Sunday 20 January 2019

Almost a third of capital's classes are 'supersized'

ALMOST a third of primary school pupils in parts of Dublin are in classes with more than 30 children in them.

As the population continues to grow, at least 125,000 children are starting the school year in so-called "supersize" classes.

And the issue is worst in the Dun Laoghaire-Rathdown area where 31pc of children are in classes of 30 of more.

Commuter-belt counties are facing similar numbers with Wicklow also on a rate of 31pc and Meath on 30pc, according to the figures compiled by the Department of Education.

The figures are almost 24pc in Fingal, 23pc in South Dublin County Council area and 18pc in the city.

Across the country the proportion of children in classes of 30-plus stands at 24pc, with the numbers in such large classes up 29,000 since the 2006-07 school year.

Last year, 124,493 children were in classes of 30 or more and as there has been no improvement in pupil-teacher ratios, the situation is likely to be worse now.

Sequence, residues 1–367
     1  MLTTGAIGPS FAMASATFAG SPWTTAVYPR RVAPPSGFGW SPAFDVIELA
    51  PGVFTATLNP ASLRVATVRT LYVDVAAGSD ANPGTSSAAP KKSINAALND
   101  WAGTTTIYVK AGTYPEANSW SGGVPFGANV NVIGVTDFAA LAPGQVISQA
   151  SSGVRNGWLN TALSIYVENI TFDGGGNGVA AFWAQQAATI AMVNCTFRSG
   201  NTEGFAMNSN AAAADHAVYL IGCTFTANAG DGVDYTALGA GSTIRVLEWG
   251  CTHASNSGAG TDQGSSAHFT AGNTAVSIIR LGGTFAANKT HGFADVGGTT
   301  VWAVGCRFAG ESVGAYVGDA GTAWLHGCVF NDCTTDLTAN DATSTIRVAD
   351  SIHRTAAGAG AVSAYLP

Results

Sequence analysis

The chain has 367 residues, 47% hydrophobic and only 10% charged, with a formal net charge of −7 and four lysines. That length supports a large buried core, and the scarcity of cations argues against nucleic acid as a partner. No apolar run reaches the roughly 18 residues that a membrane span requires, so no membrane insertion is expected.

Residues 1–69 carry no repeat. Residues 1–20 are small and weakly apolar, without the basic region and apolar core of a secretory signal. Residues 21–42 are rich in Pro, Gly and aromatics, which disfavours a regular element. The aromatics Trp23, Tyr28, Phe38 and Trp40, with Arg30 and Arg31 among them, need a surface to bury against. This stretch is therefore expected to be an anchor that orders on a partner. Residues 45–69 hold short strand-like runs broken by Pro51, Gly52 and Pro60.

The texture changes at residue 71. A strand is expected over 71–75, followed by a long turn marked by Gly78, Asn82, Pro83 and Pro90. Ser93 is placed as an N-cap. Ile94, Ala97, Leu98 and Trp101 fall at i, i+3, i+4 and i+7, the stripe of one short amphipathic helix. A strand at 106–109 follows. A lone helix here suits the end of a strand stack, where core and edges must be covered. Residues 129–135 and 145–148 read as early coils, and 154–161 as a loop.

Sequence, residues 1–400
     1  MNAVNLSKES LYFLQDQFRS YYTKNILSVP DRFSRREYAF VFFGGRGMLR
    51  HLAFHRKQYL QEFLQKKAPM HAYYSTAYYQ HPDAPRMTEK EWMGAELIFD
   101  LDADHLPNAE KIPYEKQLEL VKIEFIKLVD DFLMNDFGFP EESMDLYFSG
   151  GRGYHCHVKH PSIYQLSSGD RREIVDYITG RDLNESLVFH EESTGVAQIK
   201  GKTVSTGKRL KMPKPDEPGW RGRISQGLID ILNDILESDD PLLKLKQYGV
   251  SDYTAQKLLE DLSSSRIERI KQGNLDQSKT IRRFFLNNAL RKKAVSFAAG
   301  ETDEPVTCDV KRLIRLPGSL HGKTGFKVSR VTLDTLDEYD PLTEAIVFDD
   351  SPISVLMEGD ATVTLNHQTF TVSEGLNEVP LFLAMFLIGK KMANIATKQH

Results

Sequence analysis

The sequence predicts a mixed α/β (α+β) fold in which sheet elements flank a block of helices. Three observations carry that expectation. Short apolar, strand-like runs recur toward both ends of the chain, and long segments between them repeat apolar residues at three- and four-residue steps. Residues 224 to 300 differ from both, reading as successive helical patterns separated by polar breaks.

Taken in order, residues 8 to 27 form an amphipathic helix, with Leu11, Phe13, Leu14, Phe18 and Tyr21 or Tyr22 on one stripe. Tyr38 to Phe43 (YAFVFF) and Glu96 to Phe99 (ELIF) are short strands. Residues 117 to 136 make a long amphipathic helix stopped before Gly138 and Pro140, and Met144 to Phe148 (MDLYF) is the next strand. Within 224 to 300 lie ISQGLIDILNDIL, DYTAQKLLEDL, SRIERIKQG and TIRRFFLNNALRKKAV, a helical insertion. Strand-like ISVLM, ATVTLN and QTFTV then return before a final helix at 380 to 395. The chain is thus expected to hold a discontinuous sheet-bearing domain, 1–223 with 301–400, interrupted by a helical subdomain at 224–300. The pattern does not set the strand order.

Irish National Teachers Organisation (INTO) general secretary Sheila Nunan said: "Irish class sizes are back to where they were 10 years ago."


She said primary school classes here are among the most overcrowded in Europe and called for increased investment in education to reduce class-sizes starting with the upcoming Budget.

The numbers of children in classes of more than 30 had dropped to 20pc across Ireland's 3,200 national schools by the end of 2007-08.

While no official cut in the pupil-teacher ratio occurred, support teachers were taken out of the system.

Ms Nunan said that this has placed greater pressure on teachers of children with special needs, those from disadvantaged backgrounds and pupils who speak little English.


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